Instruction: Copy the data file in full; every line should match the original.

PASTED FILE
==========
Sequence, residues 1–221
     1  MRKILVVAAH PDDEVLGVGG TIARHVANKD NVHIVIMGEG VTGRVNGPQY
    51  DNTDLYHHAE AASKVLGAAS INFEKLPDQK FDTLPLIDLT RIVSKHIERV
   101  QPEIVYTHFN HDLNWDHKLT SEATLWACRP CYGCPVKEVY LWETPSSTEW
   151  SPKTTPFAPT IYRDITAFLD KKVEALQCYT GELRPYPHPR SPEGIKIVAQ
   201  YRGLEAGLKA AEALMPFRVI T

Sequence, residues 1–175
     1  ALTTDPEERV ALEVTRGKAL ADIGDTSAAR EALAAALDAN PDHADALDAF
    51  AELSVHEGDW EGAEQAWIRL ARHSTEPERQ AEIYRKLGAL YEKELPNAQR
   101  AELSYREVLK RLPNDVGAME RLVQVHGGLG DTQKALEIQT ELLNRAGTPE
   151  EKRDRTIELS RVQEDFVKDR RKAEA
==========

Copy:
Sequence, residues 1–221
     1  MRKILVVAAH PDDEVLGVGG TIARHVANKD NVHIVIMGEG VTGRVNGPQY
    51  DNTDLYHHAE AASKVLGAAS INFEKLPDQK FDTLPLIDLT RIVSKHIERV
   101  QPEIVYTHFN HDLNWDHKLT SEATLWACRP CYGCPVKEVY LWETPSSTEW
   151  SPKTTPFAPT IYRDITAFLD KKVEALQCYT GELRPYPHPR SPEGIKIVAQ
   201  YRGLEAGLKA AEALMPFRVI T

Sequence, residues 1–175
     1  ALTTDPEERV ALEVTRGKAL ADIGDTSAAR EALAAALDAN PDHADALDAF
    51  AELSVHEGDW EGAEQAWIRL ARHSTEPERQ AEIYRKLGAL YEKELPNAQR
   101  AELSYREVLK RLPNDVGAME RLVQVHGGLG DTQKALEIQT ELLNRAGTPE
   151  EKRDRTIELS RVQEDFVKDR RKAEA